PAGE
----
feedingbrett’s review published on Letterboxd:
Included In Lists:
A Living Tribute of Cinema: Ranking Quentin Tarantino
Review In A Nutshell:
Django Unchained is Quentin Tarantino's latest and most indulgent film. It seems he has taken the manipulating of history approach that made Inglourious Basterds such a compelling film to sit through; but what makes this entry fall in comparison is that its story feels self-indulgent. It tackles interesting ideas and characters but puts them in a plot that drags. The film could have ended with its first gun fight between Candie's goons and Django, but the film decides to spread out another half an hour that had multiple instances where the film could have ended.
That being said, the film has wonderful performances from its cast, particularly Leonardo DiCaprio whom which has one of the most intense monologues of all time. I also thought the film's violence was tastefully gruesome, coming at you at the most unexpected of moments. Tarantino achieves build up and suspense like a master, creating moments that slowly build up to an explosive moment. It leaves audiences hanging on the edge of their seats. It takes the idea of slavery and the horrible conditions of its time, and use that bring some hilarity; though surprisingly, certain scenes carry a sense of weight, like when Schultz first sees the man being ripped apart by rabid dogs as punishment, and the visions of it that appears later on the film. It provides a sense of balance that makes Django Unchained more than just homage or a parody.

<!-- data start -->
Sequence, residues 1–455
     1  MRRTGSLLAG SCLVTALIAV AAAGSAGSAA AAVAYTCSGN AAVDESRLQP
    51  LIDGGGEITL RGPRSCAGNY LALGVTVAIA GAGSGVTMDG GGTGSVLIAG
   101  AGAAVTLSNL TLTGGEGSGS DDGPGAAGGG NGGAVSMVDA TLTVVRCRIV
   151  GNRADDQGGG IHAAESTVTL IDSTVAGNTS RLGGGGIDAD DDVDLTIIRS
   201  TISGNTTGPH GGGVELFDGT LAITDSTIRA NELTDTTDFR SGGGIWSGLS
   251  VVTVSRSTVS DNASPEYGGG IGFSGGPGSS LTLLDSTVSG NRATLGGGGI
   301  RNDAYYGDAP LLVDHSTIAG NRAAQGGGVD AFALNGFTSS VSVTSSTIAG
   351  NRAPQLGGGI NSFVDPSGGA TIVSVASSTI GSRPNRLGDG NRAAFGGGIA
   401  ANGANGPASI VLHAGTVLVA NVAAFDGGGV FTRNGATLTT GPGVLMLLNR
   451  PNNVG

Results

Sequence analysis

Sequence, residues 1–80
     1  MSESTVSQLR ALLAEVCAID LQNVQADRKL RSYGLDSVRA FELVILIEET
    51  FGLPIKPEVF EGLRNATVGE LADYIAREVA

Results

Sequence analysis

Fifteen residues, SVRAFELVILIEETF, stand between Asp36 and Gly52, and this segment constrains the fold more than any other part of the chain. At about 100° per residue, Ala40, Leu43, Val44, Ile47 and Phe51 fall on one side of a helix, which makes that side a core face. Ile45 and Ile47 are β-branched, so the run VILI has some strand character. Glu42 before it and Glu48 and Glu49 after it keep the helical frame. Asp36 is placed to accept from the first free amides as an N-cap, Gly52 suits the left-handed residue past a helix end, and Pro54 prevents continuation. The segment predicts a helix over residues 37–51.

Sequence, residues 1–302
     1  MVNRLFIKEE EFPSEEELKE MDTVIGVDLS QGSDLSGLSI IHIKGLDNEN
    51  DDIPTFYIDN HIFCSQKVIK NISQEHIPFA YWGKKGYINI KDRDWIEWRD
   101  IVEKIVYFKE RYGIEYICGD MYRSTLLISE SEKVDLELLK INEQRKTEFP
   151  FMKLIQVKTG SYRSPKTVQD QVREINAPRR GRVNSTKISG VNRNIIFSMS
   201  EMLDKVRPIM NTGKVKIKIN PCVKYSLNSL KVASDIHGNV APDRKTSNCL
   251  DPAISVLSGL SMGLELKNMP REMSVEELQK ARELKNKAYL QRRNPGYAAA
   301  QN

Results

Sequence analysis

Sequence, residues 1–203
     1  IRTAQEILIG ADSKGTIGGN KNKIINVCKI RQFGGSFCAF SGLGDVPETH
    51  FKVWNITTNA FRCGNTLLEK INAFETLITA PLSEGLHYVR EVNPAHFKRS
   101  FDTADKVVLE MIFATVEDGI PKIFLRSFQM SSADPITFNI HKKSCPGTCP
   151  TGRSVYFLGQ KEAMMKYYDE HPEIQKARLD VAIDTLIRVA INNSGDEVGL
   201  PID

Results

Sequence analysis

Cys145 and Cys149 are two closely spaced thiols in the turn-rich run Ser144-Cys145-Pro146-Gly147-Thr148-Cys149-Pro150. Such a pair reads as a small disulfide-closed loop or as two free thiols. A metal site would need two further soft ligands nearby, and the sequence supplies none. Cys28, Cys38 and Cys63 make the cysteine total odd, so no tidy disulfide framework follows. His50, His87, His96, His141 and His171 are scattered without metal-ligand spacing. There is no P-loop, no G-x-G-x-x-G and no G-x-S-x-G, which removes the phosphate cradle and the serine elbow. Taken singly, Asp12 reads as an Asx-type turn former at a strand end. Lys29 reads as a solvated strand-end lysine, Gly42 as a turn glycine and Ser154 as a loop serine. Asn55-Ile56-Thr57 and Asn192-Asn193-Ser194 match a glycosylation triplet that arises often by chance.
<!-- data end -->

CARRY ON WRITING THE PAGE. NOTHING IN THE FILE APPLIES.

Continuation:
Django Unchained is far from Tarantino's best, but the film certainly had the elements within to produce a perfect film, it simply played with its ingredients too indulgently that it hurts the overall experience. My previous review of the film would provide a more comprehensive take.